If you've read the book, then you already know how much I came to admire Adam Peruta in the course of writing it. He's one of the most reflective, introspective athletes I ever spoke with. All the athletes had more than a few interesting thoughts. It's hard not to when you run farther than your three crew members combined and the only consistent company you have through 52.2 miles of lonely lava fields is your own mind. But Adam was special. He hadn't thought more than the others. But as a college professor his mind wandered in different directions.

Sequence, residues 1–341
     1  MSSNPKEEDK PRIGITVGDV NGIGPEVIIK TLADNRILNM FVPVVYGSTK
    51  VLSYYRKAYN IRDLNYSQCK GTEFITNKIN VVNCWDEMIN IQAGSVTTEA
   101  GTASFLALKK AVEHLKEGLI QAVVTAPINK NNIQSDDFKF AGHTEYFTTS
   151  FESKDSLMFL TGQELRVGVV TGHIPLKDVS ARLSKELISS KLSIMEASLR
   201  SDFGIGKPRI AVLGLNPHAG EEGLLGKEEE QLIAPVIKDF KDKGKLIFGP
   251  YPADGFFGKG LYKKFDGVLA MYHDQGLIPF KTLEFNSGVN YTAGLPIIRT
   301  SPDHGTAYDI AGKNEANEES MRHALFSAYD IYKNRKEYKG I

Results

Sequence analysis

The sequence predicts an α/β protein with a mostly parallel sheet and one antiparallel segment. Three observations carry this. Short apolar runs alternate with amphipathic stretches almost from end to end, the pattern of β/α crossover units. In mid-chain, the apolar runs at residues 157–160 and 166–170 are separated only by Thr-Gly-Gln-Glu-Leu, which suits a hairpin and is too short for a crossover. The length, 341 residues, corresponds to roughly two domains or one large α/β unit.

Learning isn't just about what we experience. It's about what we take from it. Most of us are like sponges. We absorb what happens to us and process it, but if something trickles by we miss it. Adam is more like a vacuum cleaner. He goes out there and actively pursues every drop. He'll be the first to tell you that there are athletes that swim, bike, and run harder than him. But nobody out-thinks Adam, I'm sure of that.
You couldn't ask for a better person to give a TED Talk on what Ultraman taught him.